If two or three Christians gather in a room, at least one is destined (rightly or wrongly) to say that 'the media ignores us'. This certainly hasn't been true over the past week. Ever since the first tent was pitched outside St Pauls Cathedral, as part of a global 'occupy movement', suddenly church ethics have been at the forefront.
At first nothing happened, then suddenly the church accepted the protest, then decided it would be wise if they moved, then said they would shut if they didn't move. Then St Pauls Cathedral Shut.
The newspapers and media went wild, and somehow the cathedral staggered through (for full coverage of this side of the story see Dave Allen Greens very high quality blog), meeting its legal obligations by holding eucharist behind closed doors.
While St Pauls shut the public out, something bubbled up and suddenly a 'flash evensong' sprung up and christians gathered to worship outside this iconic church. As someone who regularily tweeted with Artsy Honker, the person who organised it, I emailed over some questions to find out more about this surprising, and exciting, move:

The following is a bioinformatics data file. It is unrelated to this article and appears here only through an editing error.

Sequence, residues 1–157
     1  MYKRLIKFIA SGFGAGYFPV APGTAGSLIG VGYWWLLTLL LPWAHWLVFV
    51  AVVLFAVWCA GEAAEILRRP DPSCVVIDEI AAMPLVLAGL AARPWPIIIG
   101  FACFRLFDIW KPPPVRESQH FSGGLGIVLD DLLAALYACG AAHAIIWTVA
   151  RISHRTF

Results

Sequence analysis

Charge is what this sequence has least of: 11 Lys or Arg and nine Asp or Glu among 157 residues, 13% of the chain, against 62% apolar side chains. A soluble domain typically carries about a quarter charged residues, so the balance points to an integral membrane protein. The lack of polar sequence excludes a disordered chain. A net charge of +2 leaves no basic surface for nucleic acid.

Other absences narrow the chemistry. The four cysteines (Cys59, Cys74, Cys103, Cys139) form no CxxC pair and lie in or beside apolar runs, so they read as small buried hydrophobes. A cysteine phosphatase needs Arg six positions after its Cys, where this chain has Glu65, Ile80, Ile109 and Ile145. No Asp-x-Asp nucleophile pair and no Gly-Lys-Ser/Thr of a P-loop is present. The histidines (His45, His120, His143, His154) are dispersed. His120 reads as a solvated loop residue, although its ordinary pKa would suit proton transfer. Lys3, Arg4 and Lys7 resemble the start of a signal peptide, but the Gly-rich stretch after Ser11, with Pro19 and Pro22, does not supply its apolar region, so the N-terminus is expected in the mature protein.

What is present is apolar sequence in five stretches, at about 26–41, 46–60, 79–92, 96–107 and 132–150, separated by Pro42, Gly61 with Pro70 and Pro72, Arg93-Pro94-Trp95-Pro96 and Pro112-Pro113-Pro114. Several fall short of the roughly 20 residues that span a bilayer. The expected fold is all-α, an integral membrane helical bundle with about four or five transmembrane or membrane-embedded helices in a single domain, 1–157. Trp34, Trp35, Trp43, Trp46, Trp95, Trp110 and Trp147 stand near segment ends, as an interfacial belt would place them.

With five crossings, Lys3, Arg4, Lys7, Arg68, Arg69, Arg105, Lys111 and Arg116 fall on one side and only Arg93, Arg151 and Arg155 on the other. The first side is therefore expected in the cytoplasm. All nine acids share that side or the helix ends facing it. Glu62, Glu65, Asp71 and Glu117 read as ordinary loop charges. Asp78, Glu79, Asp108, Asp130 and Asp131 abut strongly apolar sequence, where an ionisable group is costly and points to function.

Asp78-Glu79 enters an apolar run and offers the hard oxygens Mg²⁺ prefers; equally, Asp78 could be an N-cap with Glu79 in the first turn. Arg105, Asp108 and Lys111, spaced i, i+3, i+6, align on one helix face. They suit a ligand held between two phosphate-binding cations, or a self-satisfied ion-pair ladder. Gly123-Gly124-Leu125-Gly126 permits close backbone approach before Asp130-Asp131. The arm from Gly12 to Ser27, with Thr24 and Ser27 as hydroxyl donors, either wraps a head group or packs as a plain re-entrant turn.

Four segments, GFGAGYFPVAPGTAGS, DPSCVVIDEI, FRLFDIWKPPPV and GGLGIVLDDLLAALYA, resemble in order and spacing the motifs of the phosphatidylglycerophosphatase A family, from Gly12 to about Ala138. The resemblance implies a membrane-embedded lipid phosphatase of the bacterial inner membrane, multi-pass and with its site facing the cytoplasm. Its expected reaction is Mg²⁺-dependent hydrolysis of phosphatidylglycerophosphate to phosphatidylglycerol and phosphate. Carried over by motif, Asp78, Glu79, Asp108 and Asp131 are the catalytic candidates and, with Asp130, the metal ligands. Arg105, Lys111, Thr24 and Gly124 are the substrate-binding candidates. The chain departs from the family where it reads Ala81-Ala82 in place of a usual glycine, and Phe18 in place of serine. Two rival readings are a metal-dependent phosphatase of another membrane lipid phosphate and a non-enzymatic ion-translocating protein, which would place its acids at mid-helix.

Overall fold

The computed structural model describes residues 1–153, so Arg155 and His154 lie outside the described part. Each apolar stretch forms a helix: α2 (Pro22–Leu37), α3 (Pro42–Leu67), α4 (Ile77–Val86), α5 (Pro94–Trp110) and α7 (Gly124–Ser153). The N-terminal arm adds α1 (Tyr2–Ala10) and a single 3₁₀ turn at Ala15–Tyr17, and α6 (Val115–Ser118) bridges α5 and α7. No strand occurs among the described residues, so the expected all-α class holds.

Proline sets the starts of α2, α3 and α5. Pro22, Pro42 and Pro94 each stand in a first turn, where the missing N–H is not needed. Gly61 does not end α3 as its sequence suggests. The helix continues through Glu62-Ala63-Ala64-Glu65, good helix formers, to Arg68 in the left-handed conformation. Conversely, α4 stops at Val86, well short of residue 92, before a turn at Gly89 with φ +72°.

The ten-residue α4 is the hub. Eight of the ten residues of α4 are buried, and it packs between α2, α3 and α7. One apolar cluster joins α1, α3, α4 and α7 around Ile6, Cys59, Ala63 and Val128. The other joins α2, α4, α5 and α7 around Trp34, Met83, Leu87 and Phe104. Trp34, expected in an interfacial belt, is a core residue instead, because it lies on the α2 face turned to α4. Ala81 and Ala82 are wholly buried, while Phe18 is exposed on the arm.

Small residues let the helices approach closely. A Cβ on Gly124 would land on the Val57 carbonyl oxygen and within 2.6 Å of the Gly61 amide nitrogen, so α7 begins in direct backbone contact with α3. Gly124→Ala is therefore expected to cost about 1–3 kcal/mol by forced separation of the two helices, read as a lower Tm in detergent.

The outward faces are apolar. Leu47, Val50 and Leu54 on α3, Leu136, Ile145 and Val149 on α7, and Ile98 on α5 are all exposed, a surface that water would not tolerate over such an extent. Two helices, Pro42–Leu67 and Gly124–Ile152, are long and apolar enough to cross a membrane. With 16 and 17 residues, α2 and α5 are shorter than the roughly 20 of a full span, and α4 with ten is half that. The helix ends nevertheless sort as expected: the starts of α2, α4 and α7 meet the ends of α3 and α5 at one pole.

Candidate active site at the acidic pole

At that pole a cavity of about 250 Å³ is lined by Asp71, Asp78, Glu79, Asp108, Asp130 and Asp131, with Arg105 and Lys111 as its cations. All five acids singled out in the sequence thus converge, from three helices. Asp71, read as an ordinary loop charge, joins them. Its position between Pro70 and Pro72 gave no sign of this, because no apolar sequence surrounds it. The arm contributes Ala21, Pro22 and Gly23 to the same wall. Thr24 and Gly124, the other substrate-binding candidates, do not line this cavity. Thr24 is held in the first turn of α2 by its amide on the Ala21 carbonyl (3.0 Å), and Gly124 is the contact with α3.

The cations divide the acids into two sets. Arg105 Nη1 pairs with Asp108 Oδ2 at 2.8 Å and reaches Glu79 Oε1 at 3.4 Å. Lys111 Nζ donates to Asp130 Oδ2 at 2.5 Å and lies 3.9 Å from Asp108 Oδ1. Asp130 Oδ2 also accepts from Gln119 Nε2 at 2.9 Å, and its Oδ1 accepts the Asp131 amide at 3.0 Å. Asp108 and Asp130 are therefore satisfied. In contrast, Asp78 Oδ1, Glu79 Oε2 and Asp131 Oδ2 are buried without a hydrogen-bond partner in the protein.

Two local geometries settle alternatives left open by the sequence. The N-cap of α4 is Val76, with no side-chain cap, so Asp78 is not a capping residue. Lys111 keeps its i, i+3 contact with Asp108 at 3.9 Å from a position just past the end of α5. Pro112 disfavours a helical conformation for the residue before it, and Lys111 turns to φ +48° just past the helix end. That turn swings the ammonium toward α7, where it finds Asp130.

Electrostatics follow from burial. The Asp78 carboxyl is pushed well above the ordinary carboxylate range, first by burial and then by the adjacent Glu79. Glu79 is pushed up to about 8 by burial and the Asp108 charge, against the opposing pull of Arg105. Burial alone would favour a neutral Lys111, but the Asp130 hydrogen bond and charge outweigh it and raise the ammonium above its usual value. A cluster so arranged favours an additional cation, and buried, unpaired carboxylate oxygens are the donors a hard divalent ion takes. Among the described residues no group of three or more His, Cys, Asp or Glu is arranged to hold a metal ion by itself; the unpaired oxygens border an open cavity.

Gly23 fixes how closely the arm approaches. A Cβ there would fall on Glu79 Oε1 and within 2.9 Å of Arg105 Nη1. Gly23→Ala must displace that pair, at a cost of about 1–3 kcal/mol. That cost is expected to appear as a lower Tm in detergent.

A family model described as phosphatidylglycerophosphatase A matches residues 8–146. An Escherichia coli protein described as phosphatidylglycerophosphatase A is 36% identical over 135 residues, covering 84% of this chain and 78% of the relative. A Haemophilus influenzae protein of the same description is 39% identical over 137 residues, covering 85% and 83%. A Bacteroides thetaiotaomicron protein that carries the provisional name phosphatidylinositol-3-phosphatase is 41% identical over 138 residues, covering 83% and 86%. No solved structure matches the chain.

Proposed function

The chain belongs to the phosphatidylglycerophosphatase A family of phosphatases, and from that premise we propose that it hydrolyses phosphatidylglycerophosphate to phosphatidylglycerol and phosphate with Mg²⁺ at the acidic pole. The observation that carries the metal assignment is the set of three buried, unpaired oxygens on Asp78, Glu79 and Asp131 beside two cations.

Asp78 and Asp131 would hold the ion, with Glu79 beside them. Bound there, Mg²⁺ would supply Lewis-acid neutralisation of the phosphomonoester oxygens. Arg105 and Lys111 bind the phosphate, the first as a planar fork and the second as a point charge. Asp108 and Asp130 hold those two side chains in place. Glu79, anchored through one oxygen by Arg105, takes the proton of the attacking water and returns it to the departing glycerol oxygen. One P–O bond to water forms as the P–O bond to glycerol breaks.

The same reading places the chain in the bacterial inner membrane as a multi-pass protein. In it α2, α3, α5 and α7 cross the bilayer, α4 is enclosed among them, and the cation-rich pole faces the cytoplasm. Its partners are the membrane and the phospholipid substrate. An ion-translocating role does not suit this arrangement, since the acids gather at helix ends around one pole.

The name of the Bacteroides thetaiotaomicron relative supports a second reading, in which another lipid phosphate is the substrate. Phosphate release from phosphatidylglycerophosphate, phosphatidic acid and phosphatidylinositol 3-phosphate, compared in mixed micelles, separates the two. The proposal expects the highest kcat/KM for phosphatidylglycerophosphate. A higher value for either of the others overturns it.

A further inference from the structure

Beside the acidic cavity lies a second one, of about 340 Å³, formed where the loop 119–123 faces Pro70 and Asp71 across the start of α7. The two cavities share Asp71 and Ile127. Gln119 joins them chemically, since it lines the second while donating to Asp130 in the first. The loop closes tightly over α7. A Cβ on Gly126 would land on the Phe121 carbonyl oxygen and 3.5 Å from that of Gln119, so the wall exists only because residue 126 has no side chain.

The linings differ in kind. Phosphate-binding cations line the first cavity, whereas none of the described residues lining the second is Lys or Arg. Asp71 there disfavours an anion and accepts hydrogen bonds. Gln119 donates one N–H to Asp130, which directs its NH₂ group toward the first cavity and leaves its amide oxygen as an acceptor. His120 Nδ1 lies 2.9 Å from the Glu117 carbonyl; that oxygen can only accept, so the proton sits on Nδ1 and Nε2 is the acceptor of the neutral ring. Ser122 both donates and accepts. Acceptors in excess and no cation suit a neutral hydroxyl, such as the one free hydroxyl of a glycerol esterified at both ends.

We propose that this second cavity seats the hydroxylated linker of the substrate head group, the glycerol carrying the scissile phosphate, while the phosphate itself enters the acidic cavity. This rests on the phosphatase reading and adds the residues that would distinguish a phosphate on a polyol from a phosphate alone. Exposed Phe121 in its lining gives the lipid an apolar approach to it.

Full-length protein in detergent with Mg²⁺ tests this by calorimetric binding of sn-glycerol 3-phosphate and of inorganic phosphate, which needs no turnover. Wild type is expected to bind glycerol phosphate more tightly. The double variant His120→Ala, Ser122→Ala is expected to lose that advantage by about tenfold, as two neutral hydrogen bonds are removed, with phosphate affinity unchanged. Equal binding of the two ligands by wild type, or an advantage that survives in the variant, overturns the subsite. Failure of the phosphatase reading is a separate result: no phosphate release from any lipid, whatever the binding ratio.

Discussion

Please, tell us a wee bit about yourselfI'm a freelance musician and a church organist; I've lived in various bits of London for the last eleven years and currently live in Leytonstone.
You've somehow started an evensong movement at the Occupy London event. How did that happen?
How did you feel in advance of the first evensong, when did you realise people had come along to take part?
Describe the moment of the worship that night that felt most like true worship to you?
What was the reaction from other occupiers as the service started?
Why is there a need for an act of worship at the site?
The cathedral is a place of public worship, and has been for hundreds of years.
Have you made any moves to encourage members of the St Pauls Clergy to attend/hold similar outdoor services?
|All sorts of people are part of the occupation|
Photo by Flickr user npmeijer
Do you know of any other religious events occurring within the occupation?
Tonight another evensong will happen, how do you decide on the hymns/text?
Social media has been a strong part of creating these small acts, what role do you find it plays in creating and connecting christians around the uk?
|St Pauls, 16 October, still open to the public|
Photo by Flickr user garryknight
What message do you think self-organising worship to occur outside a major cathedral sends to those inside the cathedral:
and those walking by
Again, it's hard to say. But I hope that the message is that Christianity is not just about the cathedral, or any building for that matter -- that we are all, if we choose, part of the church, and we are able to worship God wherever we are or whatever our circumstances.
Finally, if someone wanted to get involved but couldn't tonight, how can they find out more?